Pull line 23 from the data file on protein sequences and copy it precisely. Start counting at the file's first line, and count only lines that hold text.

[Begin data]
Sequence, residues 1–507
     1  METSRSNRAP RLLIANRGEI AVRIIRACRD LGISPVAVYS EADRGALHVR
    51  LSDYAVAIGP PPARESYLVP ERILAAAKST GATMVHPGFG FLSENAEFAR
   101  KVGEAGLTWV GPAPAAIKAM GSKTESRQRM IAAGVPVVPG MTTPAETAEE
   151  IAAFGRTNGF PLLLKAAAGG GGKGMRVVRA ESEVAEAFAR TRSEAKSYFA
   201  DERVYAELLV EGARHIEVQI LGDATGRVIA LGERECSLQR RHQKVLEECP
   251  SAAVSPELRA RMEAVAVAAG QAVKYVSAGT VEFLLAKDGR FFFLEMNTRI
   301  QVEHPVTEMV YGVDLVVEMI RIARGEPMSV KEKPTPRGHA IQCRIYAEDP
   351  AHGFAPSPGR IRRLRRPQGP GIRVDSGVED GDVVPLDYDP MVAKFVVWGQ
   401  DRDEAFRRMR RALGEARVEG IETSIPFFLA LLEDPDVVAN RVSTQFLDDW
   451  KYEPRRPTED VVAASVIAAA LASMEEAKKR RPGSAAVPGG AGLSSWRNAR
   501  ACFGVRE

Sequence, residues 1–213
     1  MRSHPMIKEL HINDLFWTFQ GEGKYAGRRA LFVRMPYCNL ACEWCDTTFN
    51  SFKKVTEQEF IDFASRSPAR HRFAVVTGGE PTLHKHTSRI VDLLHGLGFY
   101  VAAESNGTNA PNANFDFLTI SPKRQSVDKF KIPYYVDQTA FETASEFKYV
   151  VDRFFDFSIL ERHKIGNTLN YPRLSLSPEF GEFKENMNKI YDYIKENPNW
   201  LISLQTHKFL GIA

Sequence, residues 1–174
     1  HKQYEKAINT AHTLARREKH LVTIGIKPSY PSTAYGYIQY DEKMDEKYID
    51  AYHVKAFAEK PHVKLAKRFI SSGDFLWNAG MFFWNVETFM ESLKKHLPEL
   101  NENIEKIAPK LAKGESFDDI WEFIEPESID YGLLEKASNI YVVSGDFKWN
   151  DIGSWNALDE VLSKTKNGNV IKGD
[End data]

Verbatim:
   151  DIGSWNALDE VLSKTKNGNV IKGD